There are two different ways of wood treatment:
1) From a biological building POV, boric salts are harmless but rarely used. This treatment doesn't make much sense for outdoors because the salts are washed out fairly quickly and are only protective for a short time.
2) Synthetic chemicals such as insecticides and fungicides on their own or in combination with salts. One variation, which often is thought of harmless, is the treatment with chromium salts. However, trivalent chromium is suspected to be a carcinogenic substance. Synthetic preservatives turn wood into toxic waste and pose severe health threats to humans, animals, and the environment.
This has triggered reactions from residents and city councils. More and more communities are refusing to use wood treated with poisonous heavy metals for their playgrounds and this is indeed a great development. Their only reason for not doing so is that the expected cost of disposing of this toxic wood would be too high. It is a wonder why their first and utmost concern wouldn't be the health of the children.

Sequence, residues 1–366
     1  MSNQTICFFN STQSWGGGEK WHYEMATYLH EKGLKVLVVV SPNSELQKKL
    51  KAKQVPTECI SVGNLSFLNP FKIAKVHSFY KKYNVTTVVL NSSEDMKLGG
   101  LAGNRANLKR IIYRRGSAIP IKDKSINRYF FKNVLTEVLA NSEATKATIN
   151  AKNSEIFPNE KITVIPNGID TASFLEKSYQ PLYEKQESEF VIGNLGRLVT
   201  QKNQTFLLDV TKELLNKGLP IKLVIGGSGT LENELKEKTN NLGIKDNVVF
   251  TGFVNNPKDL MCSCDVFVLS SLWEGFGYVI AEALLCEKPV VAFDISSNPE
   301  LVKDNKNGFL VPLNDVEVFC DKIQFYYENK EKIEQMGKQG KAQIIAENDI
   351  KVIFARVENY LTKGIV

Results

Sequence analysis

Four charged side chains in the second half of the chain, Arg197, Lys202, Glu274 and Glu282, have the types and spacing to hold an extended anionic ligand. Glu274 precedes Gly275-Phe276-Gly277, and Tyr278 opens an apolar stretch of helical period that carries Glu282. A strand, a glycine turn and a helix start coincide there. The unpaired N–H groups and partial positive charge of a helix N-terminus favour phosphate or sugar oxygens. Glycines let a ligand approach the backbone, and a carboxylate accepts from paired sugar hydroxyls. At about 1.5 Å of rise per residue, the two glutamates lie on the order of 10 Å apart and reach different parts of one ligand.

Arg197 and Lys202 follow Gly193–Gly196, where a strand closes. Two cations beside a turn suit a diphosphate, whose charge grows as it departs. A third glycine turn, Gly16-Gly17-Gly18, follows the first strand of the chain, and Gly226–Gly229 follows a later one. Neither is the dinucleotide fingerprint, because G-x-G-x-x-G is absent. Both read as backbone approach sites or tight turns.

The interesting bit of this story is that in the outdoors, untreated wood from slow-growing trees such as alpine Larch and Oak will actually outlast treated pine or spruce. We arrive at the same goal without the use of preservatives.
SHARKS & WOOD PRESERVATION
A shark attack in the Mediterranean summer season would receive sensational reports by the press. They would discuss at length the danger of sharks for the umpteenth time and many people would instinctively perceive it as a warning without hesitation.